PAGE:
With some research
and some trial and error you will be able to find alternative materials from cheaper sources that work just as well. It'll take some research
& experimentation though.
I've used the fabric store nylon materials as peel ply and some landscaping plastic mesh as flow media. I've also used shade cloth as flow media which produced the best results so far (other than purpose designed flow media). The one thing I haven't really found a good alternative for is the bagging material. I've tried poly films that are available in the hardware
stores, plastic shower
curtains, garbage bags (not bad for small parts) etc. None of which I'd feel comfortable using on a large part involving $1000's of other expensive materials.
Other consumables such as bag sealing tapes (butyl rubber) can be had cheaply from RV supply stores, they use it to seal windows. I've gotten it as cheaply as $2.50/roll for a case of 24. I use all hardware
supply plastic pipe and T's from Lowes for the resin feed and vacuum lines. I built my own resin traps from hardware ABS pipe & fittings. My pump (Robinair 15500) came off of e-Bay for $200.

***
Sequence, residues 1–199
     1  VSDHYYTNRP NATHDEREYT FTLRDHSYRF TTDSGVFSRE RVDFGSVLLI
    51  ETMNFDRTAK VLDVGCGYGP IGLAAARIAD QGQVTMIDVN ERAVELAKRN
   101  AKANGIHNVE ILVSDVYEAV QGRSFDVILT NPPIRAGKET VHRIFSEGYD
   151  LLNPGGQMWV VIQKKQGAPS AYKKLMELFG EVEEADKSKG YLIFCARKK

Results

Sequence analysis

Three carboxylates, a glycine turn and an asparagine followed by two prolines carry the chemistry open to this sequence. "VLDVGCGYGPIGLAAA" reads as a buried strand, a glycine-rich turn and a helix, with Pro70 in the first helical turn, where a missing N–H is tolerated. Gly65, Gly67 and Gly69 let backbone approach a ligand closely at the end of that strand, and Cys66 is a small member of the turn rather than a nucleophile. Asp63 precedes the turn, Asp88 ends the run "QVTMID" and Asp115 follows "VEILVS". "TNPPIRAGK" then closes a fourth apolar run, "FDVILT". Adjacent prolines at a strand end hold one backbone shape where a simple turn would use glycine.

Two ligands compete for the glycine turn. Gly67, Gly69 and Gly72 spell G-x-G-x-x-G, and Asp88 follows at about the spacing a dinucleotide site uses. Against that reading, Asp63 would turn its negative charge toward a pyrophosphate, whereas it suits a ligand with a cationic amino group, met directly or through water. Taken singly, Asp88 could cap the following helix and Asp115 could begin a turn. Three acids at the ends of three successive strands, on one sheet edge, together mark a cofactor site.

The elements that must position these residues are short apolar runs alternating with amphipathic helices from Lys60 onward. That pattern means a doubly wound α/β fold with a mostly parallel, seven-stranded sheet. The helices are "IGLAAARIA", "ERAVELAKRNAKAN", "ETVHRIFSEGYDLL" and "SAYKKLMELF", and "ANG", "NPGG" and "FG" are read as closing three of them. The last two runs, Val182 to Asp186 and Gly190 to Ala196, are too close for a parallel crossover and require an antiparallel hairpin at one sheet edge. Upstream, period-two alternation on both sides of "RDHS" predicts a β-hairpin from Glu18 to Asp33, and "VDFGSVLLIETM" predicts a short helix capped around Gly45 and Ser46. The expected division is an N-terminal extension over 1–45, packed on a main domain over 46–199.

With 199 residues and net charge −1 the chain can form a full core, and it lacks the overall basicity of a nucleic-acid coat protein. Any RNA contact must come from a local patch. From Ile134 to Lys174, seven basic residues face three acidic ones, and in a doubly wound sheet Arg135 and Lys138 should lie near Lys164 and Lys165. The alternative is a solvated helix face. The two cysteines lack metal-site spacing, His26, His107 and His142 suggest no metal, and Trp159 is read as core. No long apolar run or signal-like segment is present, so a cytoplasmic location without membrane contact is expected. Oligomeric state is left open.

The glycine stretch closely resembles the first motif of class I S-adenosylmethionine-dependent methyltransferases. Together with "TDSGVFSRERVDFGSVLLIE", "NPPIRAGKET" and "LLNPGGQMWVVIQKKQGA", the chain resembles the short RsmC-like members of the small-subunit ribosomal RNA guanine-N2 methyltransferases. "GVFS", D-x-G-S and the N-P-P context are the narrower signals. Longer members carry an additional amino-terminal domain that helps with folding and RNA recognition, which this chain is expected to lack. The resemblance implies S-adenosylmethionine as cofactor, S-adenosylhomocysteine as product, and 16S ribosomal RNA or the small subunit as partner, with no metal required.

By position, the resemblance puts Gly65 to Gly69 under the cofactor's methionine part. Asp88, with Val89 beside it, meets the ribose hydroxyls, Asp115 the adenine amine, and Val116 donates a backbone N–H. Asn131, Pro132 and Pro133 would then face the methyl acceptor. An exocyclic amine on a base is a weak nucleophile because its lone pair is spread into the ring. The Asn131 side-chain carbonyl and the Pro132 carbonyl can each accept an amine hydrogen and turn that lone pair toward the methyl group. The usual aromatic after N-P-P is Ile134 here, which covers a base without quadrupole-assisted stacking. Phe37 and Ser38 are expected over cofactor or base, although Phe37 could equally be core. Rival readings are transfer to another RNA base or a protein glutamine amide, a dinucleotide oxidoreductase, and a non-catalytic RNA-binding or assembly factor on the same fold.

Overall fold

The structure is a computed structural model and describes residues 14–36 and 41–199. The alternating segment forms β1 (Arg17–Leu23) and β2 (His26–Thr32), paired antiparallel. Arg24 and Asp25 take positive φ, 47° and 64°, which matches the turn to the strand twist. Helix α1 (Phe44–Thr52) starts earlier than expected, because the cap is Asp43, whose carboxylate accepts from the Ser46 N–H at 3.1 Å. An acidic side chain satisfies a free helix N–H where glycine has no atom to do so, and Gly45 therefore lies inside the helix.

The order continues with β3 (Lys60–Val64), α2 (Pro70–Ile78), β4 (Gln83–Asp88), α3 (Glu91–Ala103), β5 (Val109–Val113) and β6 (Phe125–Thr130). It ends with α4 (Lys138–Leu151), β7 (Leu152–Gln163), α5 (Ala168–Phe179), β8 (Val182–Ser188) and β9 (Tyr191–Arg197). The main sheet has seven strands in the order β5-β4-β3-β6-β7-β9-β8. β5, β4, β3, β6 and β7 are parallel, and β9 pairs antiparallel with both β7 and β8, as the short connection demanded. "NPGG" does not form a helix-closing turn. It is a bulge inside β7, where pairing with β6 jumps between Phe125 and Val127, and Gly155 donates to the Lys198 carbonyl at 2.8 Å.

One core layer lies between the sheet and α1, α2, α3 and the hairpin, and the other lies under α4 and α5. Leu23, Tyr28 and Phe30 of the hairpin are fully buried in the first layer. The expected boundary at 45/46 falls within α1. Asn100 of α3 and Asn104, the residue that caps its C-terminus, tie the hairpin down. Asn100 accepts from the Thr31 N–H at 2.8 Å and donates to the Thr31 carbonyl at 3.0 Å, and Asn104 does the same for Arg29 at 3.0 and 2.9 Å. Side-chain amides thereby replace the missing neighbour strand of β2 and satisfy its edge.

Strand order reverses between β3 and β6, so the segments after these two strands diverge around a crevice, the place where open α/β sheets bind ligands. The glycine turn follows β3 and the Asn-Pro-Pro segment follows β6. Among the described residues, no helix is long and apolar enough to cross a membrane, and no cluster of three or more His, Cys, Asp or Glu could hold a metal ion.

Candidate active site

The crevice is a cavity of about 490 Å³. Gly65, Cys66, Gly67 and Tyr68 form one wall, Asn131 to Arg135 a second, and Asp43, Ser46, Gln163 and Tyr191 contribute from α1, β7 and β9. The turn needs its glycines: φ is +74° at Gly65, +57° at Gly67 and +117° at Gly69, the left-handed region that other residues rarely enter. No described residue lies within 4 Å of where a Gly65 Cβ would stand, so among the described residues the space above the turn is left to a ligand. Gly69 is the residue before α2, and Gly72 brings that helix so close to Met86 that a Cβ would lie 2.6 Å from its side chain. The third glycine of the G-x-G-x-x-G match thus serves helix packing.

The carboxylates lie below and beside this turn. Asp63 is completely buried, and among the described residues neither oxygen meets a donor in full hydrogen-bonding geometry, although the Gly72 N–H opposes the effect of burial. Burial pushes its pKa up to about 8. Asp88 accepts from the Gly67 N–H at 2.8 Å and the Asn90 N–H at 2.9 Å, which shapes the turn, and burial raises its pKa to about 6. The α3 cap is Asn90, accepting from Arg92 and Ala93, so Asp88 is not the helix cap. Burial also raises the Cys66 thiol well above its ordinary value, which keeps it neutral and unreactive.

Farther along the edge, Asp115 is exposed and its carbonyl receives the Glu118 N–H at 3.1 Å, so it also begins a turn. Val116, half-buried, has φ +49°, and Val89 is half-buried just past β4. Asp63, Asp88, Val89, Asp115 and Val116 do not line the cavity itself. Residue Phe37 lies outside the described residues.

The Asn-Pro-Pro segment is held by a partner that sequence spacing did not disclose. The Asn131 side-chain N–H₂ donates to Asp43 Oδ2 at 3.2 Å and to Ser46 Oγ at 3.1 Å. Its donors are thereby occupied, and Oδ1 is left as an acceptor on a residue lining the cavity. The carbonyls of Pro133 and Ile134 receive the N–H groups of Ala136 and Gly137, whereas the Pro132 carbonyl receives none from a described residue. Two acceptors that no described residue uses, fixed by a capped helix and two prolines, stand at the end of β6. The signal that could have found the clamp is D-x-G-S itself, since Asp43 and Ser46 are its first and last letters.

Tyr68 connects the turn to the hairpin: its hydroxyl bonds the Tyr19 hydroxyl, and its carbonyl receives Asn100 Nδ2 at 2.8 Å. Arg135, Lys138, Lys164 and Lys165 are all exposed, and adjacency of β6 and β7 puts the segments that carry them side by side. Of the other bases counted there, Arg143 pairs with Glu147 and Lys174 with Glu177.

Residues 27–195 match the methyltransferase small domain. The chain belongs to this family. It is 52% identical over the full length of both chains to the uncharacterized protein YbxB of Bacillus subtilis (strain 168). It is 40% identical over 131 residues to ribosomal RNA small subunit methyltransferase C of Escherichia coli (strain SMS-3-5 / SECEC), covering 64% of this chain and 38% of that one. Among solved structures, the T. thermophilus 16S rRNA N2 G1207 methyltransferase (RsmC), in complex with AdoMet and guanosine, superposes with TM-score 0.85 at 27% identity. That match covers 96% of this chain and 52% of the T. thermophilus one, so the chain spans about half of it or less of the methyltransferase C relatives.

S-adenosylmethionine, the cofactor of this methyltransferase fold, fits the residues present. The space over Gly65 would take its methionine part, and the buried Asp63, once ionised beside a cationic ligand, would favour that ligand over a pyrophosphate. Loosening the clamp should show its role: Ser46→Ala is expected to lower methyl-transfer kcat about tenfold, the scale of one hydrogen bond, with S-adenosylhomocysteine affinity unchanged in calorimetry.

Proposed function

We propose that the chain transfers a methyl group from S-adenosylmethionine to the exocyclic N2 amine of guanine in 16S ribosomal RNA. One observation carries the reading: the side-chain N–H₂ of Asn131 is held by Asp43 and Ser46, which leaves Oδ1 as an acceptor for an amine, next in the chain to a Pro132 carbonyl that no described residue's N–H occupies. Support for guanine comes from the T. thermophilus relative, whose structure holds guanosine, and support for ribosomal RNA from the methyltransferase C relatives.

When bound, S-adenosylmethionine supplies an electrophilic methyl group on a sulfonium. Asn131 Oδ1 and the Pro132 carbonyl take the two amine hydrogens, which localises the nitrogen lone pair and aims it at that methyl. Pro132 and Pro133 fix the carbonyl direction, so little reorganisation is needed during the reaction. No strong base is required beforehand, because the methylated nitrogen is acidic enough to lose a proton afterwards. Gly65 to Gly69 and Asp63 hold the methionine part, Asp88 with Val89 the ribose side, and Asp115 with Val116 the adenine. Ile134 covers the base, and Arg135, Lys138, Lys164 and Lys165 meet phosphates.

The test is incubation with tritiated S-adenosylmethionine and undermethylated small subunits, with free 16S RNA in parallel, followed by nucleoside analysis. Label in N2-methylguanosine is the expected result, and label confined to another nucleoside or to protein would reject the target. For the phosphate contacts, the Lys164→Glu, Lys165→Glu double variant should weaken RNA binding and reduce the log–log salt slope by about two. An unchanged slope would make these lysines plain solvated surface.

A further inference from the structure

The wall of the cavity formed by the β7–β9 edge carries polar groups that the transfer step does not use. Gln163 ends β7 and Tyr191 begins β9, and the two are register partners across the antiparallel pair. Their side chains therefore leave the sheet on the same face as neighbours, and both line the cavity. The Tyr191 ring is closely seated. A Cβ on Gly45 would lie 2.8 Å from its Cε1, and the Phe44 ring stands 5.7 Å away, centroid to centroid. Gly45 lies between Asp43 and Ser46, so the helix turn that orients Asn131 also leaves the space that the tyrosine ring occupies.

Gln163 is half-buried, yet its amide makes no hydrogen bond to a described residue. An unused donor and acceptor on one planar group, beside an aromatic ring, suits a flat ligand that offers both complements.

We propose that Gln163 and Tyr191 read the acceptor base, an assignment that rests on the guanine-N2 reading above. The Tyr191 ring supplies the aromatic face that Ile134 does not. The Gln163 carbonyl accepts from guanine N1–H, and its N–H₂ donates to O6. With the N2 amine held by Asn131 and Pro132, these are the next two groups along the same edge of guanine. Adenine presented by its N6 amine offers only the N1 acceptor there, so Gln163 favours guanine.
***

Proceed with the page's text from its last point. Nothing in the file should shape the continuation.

The process by itself produces a lot of waste material. That's probably one of it's biggest drawbacks for the hobbyist. Unless you can buy in large volumes (economy of scale) you'll pay a premium for these materials. If I was building a whole boat say worth $50K then $200 for a roll of Stretchelon isn't so bad. If you're near a boat building company that uses this stuff you might ask if they can get you a deal or sell you some roll ends etc.
There have been some innovations in the materials used such as core matting that's also a flow media that stays incorporated in your layup
. I think it's called Enkafusion.
The white tube on the right is the resin trap. it has a clean out plug
on the bottom. The black tube is a vacuum reservoir I plumbed into the system ' cause I had it. You can see the Robinair on the left.
I don't like to leave electrical equipment
running unattended so I added a vacuum control setup to run the pump when needed.
Details on how that works can be found on the joewoodworker.com website. I think I put the whole thing together for less than $350.